Entertainment Randomly

Yet Another Film & TV Blog



Take Shelter (spoiler alert!)


In the film’s final scene, the protagonist’s wife acknowledges she was wrong all along and he was right. Never mind the apocalyptic storm coming and their imminent death, for men all over the world that is a happy ending.


Blade Runner 2049

bladerunner2049-2When building replicants, “more human than human is our motto”. Well they sure did a good job with K. When the police tells our replicant hero he only has 48 hours before they start chasing him… the first thing he does is a threesome.

I can’t get no satisfaction: lament of the frustrated moviegoer

Lately, I can’t get much satisfaction from Hollywood films. And I mean big, fat, Oscar contenders films.

I read the reviews, I enter the movie theatre with great expectations, I come out disappointed. There’s more: I feel guilty for making my husband go through such pain. I assure him that friends and critics loved it and it looked like a safe bet. I come back home angry and incredulous, wondering how can I be the only one disliking so much films that seem to please everyone else. Didn’t they notice the lack of character development, the misogynist clichés, uninspired direction, stiff acting, out of focus close shots, poor audio quality, plot holes…? I go to IMDB to find like-minded opinions, I express my disappointment leaving a 4 star rating on the film page, I snark at the 10 stars reviews and read only the ones that start with “Two hours of my life I will never get back” and “I opened an account just to write this negative review”. But that only makes me angrier. I change my rating to 3 stars. I realize, once again, that I take films, maybe life, too seriously.

Then I save the night with a good TV series. And the magic happens. Continue reading “I can’t get no satisfaction: lament of the frustrated moviegoer”

“Hokey religions and ancient weapons are no match for a good blaster at your side, kid”.

Han Solo, Star Wars

The P word

When Snow White first debuted in cinemas in 1937, Walt Disney not only invented the hand-drawn animated feature film, but reinvented traditional fairy tales for the modern audience, creating a new genre. He removed the cruelest and more disturbing parts of the stories, added musical style songs and funny animal sidekicks. Then, over the last twenty years, his company has moved progressively away from conservative and patriarchal clichés: female characters are now more interesting, independent and equal to their male counterparts, love at first sight has given way to more unpredictable and sparkly relationships, ethnic diversity was introduced with Arab, Native American, Afro-American and Polynesian  princesses. There is only one aspect of the fairy tales the American cartoon factory has a hard time letting go of: the royal status of its heroines.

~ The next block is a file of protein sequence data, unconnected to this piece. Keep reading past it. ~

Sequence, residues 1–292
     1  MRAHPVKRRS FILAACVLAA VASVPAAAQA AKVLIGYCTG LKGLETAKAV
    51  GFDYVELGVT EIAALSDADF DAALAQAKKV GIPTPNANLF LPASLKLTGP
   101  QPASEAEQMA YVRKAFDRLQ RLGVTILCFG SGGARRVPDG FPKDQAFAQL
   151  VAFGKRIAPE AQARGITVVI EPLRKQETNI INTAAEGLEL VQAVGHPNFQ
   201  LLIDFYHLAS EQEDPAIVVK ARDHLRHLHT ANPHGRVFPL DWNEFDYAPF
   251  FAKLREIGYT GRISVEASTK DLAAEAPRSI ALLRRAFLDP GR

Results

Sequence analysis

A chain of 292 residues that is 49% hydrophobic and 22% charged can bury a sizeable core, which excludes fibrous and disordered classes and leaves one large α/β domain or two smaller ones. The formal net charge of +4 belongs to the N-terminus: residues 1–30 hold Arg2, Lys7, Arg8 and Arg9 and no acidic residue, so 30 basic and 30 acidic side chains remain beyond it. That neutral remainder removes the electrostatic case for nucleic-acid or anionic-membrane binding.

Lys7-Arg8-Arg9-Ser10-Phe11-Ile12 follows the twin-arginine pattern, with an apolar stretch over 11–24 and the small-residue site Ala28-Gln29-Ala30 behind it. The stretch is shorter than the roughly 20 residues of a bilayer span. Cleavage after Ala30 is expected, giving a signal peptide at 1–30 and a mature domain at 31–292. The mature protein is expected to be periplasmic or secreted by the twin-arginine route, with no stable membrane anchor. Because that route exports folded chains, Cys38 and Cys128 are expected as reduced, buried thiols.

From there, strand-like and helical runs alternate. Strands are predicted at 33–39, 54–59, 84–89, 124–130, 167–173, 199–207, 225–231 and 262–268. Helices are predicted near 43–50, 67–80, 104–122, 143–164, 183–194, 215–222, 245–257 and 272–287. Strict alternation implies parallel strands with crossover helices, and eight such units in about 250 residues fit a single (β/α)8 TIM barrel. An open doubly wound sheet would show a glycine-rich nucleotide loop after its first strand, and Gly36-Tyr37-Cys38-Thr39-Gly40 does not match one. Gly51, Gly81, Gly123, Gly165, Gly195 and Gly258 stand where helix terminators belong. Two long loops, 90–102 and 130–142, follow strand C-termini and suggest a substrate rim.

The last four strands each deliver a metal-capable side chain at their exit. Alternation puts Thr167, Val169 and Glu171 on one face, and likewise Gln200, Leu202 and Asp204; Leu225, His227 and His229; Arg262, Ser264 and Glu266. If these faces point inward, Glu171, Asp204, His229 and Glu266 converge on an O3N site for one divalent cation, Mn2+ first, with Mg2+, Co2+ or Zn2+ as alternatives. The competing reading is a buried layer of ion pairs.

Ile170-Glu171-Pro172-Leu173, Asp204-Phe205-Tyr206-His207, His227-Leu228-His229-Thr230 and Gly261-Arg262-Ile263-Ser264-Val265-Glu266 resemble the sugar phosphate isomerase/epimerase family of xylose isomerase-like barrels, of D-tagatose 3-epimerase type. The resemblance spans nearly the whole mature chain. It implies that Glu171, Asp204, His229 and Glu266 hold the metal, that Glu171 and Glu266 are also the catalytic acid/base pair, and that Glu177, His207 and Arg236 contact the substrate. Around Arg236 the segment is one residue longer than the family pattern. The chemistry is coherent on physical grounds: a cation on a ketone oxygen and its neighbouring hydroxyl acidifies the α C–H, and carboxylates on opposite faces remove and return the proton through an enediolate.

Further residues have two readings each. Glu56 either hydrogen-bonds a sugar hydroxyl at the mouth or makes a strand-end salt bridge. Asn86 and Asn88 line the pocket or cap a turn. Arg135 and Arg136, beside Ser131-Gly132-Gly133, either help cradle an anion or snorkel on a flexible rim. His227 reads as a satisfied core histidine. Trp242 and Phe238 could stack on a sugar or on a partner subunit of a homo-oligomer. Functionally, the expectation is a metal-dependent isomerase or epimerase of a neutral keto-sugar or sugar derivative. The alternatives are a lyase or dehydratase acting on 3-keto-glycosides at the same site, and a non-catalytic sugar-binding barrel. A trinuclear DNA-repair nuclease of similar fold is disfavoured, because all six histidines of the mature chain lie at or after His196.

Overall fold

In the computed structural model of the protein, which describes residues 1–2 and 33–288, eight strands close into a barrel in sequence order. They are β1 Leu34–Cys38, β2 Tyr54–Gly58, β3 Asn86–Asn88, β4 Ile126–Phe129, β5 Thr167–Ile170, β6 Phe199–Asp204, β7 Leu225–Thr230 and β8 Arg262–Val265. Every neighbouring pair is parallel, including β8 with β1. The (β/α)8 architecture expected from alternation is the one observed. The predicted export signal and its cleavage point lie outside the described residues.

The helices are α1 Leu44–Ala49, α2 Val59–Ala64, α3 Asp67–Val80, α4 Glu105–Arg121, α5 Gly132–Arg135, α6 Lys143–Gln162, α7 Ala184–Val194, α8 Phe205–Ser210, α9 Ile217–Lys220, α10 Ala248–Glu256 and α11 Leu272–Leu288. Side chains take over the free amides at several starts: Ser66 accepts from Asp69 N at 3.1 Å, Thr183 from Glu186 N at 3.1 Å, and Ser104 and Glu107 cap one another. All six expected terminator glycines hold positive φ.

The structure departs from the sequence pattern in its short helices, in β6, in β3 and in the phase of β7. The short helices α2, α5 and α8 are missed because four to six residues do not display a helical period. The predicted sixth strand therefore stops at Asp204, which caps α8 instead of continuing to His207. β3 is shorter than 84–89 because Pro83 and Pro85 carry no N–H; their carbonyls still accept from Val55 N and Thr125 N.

Continue reading “The P word”

The Trolls Paradox


Countless Hollywood films encouraged us to stop looking for the elusive Holy Grail and realize that the treasure we so desperately crave, happiness, is already in our life. We just need to open our eyes and heart… There is no place like home, learned Dorothy after her misadventures in Oz. You don’t need to travel the world to change it, discovered a suicidal James Stewart on a magical Christmas Eve. The key to fulfillment and success has been in front of you the whole time, was Jerry McGuire’s epiphany.

Trolls, Dreamworks last animated feature, just shared its insight on the matter. And it’s the last thing you would expect from a merchandise-driven movie. Continue reading “The Trolls Paradox”

Big themes, long shots, short-sighted script: how The Revenant’s journey in the wild left so much unexplored


Here the first part of my review

The frontier, the man versus the wilderness, the fight with the bear, the confrontation with the Other, the heart of darkness, the revenge: on paper The Revenant is the quintessential American film. And an ambitious one: shot all on impervious locations with natural light, long uncut plans and challenging ensemble sequences. Plus it stars the indefatigable Leonardo DiCaprio, who’s in a good streak of memorable performances since, well, forever.

For all those reasons I really wanted to fall in love with Alejandro Gonzales Iñárritu‘s las effort, but I couldn’t. There had been many sparkles along the way but it didn’t last: by the end of our hero’s odyssey in the wild my excitement had already worn off. What went wrong? Continue reading “Big themes, long shots, short-sighted script: how The Revenant’s journey in the wild left so much unexplored”

Macho filmmaking, technical prodigies, photogenic pain: how the bear attack sequence in The Revenant epitomizes the entire movie


And the Oscar for the most detailed man-mauled-by-grizzly sequence goes to… The Revenant! Applause. Next, Ryan Gosling getting hit by a truck, a four minutes uninterrupted take of pure cinematic pleasure.

Oh, it was just a bad dream… Continue reading “Macho filmmaking, technical prodigies, photogenic pain: how the bear attack sequence in The Revenant epitomizes the entire movie”

How I stopped worrying about plot holes and learned why I love Star Wars


As many out there, I had very mixed feelings towards The Force Awakens. As most who had the chance to see the original Star Wars trilogy as kids, I had very strong reactions. Continue reading “How I stopped worrying about plot holes and learned why I love Star Wars”

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